Thomas Rubottom and Phebe (Dixon) Rubottom were the parents of nine children: Simon born in 1769, Ezekiel born in 1770, and seven girls. Thomas Rubottom was a member of the Chatham Militia of North Carolina in 1772. He and his brothers-in-law were active in the regulator movement before the Revolutionary War started. This organization was suppressed by the English and their petitions for better government ignored. Thomas Rubottom was a member of Captain Joab Brook's Company of the Chatham Militia. The company consisted of 138 men. Thomas Rubottom owned land in Chatham County, North Carolina in 1790. Thomas Rubottom and Phebe (Dixon) Rubottom died in Chatham County, North Carolina and are buried in the Old Napton Cemetery, Quaker, located just south of Siler City. The Quaker meeting house and school was also located near the cemetery. The last burial in the Napton Cemetery was a person named Dowd, a descendant of Thomas Rubottom and Phebe (Dixon) Rubottom's daughter Hannah (Rubottom) Dowd.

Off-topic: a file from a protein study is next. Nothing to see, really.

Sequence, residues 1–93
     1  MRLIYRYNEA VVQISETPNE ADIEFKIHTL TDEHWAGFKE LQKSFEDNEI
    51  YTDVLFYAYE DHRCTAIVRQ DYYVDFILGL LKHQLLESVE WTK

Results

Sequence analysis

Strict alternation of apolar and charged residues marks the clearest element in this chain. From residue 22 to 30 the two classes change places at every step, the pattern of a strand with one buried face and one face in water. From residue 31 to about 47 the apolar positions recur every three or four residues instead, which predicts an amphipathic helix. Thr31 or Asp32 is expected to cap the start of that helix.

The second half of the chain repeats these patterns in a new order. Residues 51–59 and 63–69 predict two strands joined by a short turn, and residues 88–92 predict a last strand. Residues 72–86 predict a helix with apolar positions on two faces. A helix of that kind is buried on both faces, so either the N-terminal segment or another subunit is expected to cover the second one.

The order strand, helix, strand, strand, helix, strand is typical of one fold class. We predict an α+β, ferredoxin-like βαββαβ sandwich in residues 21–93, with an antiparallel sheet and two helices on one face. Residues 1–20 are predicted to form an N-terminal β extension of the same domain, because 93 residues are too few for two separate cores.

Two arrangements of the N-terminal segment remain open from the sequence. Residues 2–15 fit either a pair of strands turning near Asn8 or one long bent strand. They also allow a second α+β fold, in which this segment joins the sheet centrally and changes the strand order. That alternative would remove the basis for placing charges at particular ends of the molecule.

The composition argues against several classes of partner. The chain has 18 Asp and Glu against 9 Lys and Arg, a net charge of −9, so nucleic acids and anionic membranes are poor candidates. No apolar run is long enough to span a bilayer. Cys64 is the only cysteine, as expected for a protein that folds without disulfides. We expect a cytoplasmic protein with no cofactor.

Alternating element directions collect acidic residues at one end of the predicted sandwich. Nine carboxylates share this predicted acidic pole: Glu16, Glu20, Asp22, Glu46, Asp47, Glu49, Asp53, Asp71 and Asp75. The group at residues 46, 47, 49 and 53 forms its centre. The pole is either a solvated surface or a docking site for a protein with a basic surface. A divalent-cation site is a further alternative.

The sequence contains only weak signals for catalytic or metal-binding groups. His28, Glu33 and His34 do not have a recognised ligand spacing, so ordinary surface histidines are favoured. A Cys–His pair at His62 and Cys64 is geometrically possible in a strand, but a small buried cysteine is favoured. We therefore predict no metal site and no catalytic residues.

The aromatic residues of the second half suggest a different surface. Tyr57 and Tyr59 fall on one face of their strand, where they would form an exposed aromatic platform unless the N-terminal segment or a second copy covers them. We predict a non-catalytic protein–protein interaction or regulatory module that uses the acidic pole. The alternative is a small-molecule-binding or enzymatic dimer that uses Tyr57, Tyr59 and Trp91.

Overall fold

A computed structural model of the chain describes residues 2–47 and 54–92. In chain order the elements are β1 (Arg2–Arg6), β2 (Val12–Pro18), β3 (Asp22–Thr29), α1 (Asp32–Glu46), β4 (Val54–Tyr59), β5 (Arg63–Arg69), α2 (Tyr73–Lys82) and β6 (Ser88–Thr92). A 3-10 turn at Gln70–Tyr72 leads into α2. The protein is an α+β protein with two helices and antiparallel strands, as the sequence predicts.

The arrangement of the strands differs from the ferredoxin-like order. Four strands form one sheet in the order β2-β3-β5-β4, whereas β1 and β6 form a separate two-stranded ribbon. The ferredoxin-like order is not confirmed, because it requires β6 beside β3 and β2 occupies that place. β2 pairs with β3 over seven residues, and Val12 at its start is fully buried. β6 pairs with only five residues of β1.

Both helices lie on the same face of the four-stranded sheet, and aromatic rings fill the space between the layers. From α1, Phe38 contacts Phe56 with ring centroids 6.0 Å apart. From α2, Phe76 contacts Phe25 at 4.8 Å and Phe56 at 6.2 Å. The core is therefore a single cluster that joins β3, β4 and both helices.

Simon Rubottom, son of Thomas and Phebe (Dixon) Rubottom, married Elizabeth Dunn of Orange County, North Carolina in 1790. They were the parents of fifteen children: Joseph, Mary, Jane, George, Thomas, Hannah, William, Ruth, Dinah, Samuel, Ezekiel, Elizabeth, John, Mahala, and Zeno. The family moved from North Carolina to Lawrence County, Indiana in 1815. They were Quakers and opposed to slavery as it existed in North Carolina. The Quakers were not all of the same opinion concerning slavery and many of them moved to Indiana. They established very progressive communities in Indiana. Simon Rubottom's descendants are to be found in Pennsylvania, Indiana, Iowa, Kansas, Nebraska, Wyoming, Minnesota, Nevada, Idaho, Washington, Oregon, Texas, Oklahoma, Arkansas, Oregon and California. Simon Rubottom's son, Thomas, was a member of a delegation that established the First Quaker Church west of the Mississippi River. The church was located in Iowa. His son, George, kept a diary of the family's move from North Carolina to Indiana in 1815. The letter is still in existence. His son William migrated to California in 1870 and settled in Los Angeles County. There he met William Wiley Rubottom, son of Ezekiel Rubottom of Wayne County, Missouri. This is the first record of the meeting of the two branches of the family. In 1907, Richard M. Rubottom, son of Lafayette Rubottom of Wayne County, Missouri, visited Samuel Rubottom, a son of Simon Rubottom, in Illinois. Descendants of Simon Rubottom and Elizabeth (Dunn) Rubottom have been outstanding in church work, as ministers in the Quaker organization, Methodist and Baptist ministers. They have also been outstanding in agriculture, music, manufacturing, teaching and other professions. Simon Rubottom and Elizabeth (Dunn) Rubottom lived in Parke County, Indiana when they died and were buried in the Bloomingdale Cemetery in Parke County.